At a conference with Kansas-Nebraska officers in Chicago on November 8, 1948, Appleman advised Kansas-Nebraska that he could buy the Fin-Ker stock for $5,000,000.00 plus liabilities and that he had tentatively negotiated a loan with Mutual Life Insurance Company and Empire Trust Company to finance the purchase. It was proposed that Kansas-Nebraska acquire Fin-Ker with the aid of the proposed loan and then convey to Appleman fifteen undeveloped locations for $40,000.00 each, Kansas-Nebraska to buy gas from wells drilled on these locations at a stipulated price with a guaranteed minimum. This proposal was not accepted by either party and Appleman called an officer of Empire Trust on the following day advising him that Kansas-Nebraska wanted the deal, but that he had not decided whether he would give it to them or not.


In the meantime, Fischer of Kansas-Nebraska requested opinions from their Washington counsel concerning the attitude of the Federal Power Commission under the Natural Gas Act toward Kansas-Nebraska's purchase of the stock of a producing company. Pursuant to this request, Kansas-Nebraska was advised by counsel in effect that its purchase of Fin-Ker stock might operate to confer Federal Power Commission jurisdiction over the producing properties and that the Federal Power Commission might ultimately fix the rate base on the historical cost rather than the purchase price. Because of these and other complications, Kansas-Nebraska was advised not to enter into any arrangements for the purchase of the stock without a prior ruling from the Federal Power Commission on matters within its purview and from the Bureau of Internal Revenue concerning the tax consequences.


Further conferences between Appleman and Kansas-Nebraska occurred during November, 1948. Appleman had procured an option to purchase the Fin-Ker stock at five million dollars plus liabilities, the purchase to be consummated on December 31, 1948. Fischer advised Appleman of the requirements of counsel as prerequisite to the negotiation for any Fin-Ker stock by Kansas-Nebraska. The parties continued to discuss additional plans for the purchase of Fin-Ker stock, exchanging memoranda of various proposals, and on December 1, 1948, Appleman and Kansas-Nebraska negotiated by telephone concerning definite conditions under which Kansas-Nebraska would participate in the proposed purchase. But the memorandum of the telephone conversation showed that all of the negotiations were subject to advance favorable rulings of the Federal Power Commission and the Internal Revenue Department which were then being sought by Kansas-Nebraska's Washington counsel; and there were other conditions specified. The trial court specifically found that Kansas-Nebraska, acting in good faith, was unable to satisfy any of these conditions. In particular the trial court found that counsel for Kansas-Nebraska was unable to procure favorable advance rulings from the Federal Power Commission or from the Bureau of Internal Revenue.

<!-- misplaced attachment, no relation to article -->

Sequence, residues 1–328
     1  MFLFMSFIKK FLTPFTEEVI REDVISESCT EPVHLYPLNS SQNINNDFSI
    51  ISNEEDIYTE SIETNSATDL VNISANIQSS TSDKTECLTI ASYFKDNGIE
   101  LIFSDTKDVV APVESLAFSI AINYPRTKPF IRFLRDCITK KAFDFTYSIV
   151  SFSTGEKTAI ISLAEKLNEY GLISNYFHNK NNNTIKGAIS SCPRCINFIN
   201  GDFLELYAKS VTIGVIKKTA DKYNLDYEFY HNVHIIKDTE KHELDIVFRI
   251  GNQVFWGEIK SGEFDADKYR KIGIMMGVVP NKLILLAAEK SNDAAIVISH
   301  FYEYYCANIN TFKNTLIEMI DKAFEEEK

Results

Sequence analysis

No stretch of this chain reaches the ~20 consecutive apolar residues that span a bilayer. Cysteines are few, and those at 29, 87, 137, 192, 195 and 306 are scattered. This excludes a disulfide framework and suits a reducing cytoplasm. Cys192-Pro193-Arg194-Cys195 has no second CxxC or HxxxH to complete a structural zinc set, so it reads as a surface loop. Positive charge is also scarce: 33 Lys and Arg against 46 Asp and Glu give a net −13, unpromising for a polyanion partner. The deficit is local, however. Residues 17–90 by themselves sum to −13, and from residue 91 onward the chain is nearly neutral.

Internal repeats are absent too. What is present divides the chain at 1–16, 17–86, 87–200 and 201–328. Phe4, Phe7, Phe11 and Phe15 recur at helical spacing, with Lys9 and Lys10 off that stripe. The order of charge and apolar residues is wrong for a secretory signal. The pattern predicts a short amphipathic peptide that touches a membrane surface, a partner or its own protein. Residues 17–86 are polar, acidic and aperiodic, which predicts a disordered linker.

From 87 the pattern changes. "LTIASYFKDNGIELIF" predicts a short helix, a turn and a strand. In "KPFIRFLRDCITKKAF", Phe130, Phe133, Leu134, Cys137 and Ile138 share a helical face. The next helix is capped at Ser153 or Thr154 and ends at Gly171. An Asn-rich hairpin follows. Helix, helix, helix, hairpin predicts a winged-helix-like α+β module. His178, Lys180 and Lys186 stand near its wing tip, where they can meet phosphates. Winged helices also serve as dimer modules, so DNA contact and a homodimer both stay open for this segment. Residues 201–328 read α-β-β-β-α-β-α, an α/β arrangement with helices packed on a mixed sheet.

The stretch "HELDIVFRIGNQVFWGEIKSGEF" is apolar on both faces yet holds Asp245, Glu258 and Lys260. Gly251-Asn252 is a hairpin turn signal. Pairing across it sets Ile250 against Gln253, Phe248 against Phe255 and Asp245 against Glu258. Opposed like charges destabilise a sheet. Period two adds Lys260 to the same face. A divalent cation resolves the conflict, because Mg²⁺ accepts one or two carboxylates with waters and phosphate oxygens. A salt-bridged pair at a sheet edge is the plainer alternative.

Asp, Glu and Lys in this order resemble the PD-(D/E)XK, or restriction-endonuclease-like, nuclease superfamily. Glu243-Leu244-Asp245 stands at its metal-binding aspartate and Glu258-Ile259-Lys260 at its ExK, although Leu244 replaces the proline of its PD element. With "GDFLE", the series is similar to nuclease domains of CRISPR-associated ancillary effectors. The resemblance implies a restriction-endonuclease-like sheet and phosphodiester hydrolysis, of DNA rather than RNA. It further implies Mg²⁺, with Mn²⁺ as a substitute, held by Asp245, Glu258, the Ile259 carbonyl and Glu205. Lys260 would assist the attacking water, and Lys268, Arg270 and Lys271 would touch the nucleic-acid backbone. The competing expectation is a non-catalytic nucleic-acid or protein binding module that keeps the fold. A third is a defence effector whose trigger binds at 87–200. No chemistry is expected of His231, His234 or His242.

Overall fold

After Appleman secured the option to purchase from Fin-Ker, Holmes and Flagg of Kansas-Nebraska commenced nogotiations with Mutual Life Insurance Company and Empire Trust Company for necessary financing. It soon developed that as a prerequisite to any loan, Kansas-Nebraska would be required to contract for the purchase of a stated minimum of gas from the Fin-Ker properties. The trial court specifically found that Kansas-Nebraska never agreed to any such contract, and could not have done so consistently with its market for gas from the Hugoton field.


On December 9, 1948, Fischer notified Appleman that in spite of diligence and great expense on its part, no plan for the purchase of Fin-Ker had been developed which met the approval of Kansas-Nebraska's attorneys and accountants. That since it had been impossible to get requisite favorable action by the Federal Power Commission and the Internal Revenue Department, and in view of the excessive demands of the lending agencies, nothing could be consummated before the expiration of the option agreement on December 31, 1948. It was then suggested that if the matter was open for 'further and more deliberate consideration', Kansas-Nebraska would be glad 'to further study the situation'.


In response to this communication, Appleman proposed to acquire Fin-Ker on his own account, giving a one-year option to Kansas-Nebraska to purchase one-half at Appleman's cost, Kansas-Nebraska to favorably modify its gas purchase contract. After considerable negotiation, a plan worked out by Fischer and Appleman was submitted to KansasNebraska in Chicago for study and advice of counsel. This plan was thwarted before any definite agreement was reached by Mutual's continued insistence upon a minimum take by Kansas-Nebraska from the Fin-Ker properties. Kansas-Nebraska then proposed a substitute plan of purchase by a newly organized company with requisite capital to require a much smaller loan. This plan was also unacceptable to Mutual.


On December 15, before the option to purchase expired on the 31st, Appleman notified Fin-Ker, Empire Trust and Mutual that the negotiations were 'terminated unsuccessfully'. In the latter part of January, 1949, however, Fischer of Kansas-Nebraska and Appleman conferred on a proposal to revive the negotiations under a new option contract, if it could be procured from the Fin-Ker stockholders. After getting verbal consent to a new option contract, when it was actually circulated among the stockholders, the majority stockholder then refused to sign the contract. Appleman was so advised by Fin-Ker attorneys who stated that the matter would be threshed out in the next stockholders' meeting.


When Fischer was advised of this turn of events, he wired Appleman of February 11, 1949, to the effect that Kansas-Nebraska 'was no longer interested in lending support to the pending program', but advised they would be glad to consider an offer of further negotiations if he and Fin-Ker had something worth-while and sensible to offer. Appleman acknowledged this wire stating he now considered it 'best to drop the whole matter', but that if at some later date, Kansas-Nebraska wished him to reopen the negotiations, he would be glad to do so.